Japan worries as yen nears 15-year high

08:35, August 05, 2010      

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The yen rose toward a 15-year high against the dollar Wednesday, sending benchmark government bond yields below 1 percent and adding pressure on Japanese policymakers to keep the country's economic recovery on course.

Japanese Finance Minister Yoshihiko Noda said the yen's moves were "somewhat one-sided," slightly stronger than earlier comments that he was closely watching currency moves, as markets pore over official statements for hints on possible moves by policymakers.

Speculation has intensified over whether authorities may consider intervention or if the Bank of Japan might relax its already ultra-loose monetary policy to curb the yen's rise.

Noda on Tuesday suggested that the government might be reluctant to intervene in currency exchange markets.

"Our fundamental stance is that foreign exchange rates are something that should basically be set by the market," Noda said.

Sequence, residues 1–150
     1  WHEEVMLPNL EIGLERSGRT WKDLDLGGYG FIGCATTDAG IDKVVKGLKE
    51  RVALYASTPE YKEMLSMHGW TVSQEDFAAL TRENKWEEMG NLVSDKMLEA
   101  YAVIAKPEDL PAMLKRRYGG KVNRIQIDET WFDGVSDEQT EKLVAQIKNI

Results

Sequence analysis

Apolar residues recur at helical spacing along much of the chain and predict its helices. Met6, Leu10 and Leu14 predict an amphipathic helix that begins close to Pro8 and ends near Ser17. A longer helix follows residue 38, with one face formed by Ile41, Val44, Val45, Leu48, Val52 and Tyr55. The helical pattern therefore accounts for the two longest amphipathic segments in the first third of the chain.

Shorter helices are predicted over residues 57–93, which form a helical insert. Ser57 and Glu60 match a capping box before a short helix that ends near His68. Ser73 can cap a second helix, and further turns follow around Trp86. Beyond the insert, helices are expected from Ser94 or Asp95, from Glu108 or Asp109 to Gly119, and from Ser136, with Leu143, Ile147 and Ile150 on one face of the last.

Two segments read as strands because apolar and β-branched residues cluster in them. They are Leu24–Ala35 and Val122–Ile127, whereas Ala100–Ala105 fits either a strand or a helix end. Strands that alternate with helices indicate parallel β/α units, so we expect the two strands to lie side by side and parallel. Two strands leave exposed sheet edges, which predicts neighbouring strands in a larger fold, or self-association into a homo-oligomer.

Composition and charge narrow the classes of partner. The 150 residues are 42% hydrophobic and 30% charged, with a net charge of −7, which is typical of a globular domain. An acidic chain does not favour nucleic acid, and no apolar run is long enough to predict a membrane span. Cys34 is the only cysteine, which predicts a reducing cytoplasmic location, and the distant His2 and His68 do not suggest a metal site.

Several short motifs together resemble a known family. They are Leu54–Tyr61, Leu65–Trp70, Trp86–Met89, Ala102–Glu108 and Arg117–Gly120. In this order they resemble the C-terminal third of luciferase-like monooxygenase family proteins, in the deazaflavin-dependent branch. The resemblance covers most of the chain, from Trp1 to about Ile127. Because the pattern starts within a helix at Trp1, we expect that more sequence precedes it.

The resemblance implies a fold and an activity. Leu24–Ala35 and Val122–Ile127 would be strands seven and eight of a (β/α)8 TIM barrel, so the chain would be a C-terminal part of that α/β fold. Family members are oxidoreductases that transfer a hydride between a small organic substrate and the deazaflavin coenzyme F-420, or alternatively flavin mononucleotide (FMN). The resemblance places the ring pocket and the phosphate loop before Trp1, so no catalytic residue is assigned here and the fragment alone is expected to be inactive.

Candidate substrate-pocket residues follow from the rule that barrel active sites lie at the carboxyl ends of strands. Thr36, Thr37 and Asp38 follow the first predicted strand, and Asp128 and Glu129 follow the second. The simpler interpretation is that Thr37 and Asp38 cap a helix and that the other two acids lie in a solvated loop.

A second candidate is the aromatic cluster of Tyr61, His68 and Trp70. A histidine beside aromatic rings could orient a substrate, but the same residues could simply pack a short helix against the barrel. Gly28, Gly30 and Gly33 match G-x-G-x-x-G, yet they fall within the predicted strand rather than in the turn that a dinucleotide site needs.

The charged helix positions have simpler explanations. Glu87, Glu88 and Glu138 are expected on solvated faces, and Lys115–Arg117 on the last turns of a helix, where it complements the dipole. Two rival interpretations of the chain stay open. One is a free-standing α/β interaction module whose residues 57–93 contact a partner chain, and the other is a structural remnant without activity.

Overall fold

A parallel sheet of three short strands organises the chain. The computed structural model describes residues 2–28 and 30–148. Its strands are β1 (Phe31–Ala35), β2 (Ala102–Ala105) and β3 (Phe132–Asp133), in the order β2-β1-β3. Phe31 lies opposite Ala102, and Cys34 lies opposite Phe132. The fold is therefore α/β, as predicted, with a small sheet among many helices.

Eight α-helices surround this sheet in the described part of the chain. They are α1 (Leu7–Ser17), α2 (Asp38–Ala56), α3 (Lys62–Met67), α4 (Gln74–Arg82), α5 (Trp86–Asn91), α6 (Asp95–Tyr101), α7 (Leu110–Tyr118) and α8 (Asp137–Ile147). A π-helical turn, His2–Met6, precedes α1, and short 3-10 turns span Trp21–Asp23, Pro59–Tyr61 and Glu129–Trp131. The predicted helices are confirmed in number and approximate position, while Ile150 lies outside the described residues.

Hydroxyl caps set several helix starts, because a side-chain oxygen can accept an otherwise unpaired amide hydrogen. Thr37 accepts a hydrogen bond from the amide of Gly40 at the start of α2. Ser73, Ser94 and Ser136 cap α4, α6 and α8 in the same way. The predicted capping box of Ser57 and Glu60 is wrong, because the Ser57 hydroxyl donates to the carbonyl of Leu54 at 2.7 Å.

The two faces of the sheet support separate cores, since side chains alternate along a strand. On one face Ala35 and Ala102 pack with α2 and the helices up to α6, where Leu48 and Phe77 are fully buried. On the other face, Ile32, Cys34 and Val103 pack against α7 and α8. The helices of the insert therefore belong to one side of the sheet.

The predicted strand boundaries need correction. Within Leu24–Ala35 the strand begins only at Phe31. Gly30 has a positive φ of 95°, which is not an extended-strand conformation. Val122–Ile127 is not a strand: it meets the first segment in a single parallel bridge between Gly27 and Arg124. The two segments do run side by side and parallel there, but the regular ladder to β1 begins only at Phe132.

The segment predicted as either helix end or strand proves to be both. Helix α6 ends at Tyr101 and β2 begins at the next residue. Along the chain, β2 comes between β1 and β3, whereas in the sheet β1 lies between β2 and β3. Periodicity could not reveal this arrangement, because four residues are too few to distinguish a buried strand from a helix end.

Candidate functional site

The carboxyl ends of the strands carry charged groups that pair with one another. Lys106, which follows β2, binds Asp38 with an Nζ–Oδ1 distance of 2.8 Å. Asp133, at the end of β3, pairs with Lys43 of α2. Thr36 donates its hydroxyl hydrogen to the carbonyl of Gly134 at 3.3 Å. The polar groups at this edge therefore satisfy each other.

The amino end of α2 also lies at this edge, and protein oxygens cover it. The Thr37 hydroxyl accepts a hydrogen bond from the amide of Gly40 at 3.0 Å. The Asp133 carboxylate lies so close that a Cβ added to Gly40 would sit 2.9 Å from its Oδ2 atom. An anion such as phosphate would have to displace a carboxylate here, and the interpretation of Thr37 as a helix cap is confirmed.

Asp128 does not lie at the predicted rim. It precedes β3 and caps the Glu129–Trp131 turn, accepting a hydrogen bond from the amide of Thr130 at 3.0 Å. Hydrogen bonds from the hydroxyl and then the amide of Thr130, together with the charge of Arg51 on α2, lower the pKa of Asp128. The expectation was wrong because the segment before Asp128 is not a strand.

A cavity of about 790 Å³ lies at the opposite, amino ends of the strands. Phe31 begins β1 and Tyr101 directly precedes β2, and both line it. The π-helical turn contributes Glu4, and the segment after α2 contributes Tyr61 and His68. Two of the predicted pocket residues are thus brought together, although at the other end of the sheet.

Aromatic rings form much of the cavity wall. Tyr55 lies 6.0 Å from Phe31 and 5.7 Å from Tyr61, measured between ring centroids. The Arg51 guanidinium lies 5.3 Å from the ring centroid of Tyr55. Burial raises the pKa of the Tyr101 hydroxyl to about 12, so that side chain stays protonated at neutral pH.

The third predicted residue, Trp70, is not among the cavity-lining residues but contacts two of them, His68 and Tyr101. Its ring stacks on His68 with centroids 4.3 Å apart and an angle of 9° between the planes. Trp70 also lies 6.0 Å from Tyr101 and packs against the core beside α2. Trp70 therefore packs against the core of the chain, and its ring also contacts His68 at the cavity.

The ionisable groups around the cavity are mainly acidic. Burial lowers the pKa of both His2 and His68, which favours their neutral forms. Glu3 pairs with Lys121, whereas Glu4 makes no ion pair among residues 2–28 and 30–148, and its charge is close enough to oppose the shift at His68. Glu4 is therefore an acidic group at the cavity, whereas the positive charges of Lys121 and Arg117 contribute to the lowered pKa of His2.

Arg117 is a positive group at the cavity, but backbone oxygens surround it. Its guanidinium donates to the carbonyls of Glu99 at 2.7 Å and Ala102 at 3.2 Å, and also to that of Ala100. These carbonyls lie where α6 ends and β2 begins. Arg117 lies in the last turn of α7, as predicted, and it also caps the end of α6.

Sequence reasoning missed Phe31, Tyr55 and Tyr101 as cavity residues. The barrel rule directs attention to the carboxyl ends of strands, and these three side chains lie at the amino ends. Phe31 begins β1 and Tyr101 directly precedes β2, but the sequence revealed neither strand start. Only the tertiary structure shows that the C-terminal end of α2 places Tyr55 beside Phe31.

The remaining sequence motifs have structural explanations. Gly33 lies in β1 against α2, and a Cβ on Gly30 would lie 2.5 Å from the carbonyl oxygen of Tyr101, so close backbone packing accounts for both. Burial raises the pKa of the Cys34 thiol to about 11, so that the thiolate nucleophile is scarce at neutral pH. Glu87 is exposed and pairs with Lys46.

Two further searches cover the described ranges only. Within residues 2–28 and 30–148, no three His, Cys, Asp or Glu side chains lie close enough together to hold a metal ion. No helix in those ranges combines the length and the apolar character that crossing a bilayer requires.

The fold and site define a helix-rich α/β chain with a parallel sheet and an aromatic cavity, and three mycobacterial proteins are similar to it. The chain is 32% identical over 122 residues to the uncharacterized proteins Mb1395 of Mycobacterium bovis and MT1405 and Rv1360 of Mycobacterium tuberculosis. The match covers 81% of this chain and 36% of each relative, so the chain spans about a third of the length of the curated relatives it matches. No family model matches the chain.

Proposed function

The strong yen hurts Japanese exports, which have been driving the country's slow recovery from deep recession.

However, analysts said they could not rule out the possibility of some form of Japanese intervention, adding that a dollar fall below 85.00 could trigger action.

"We do expect that Japan will draw a line in the sand ... at 85.00, since a sustained fall below here would significantly crimp Japanese exporters," noted John Kyriakopoulos of National Australia Bank.

The yen's rise and the slide in 10-year government bond yields largely reflect factors beyond Tokyo's control, complicating the issue for policymakers.

The dollar index, which measures the currency against a basket of other major units, has dropped to its lowest since April as data points to a faltering US recovery.

The latest fall in bond yields is also driven in part by fears that sputtering US growth would weigh on Japan's economy.

Benchmark 10-year government bond yields have slid to 0.995 percent - their lowest since August 2003 and a drop of 41 basis points from a peak in early April.

Japanese authorities have not intervened in foreign exchange markets since March 2004, when their 15-month yen selling spree came to an end. During that period, they sold 35 trillion yen ($408 billion) to curb the yen's strength and support the country's exporting industries.

Source: Global Times


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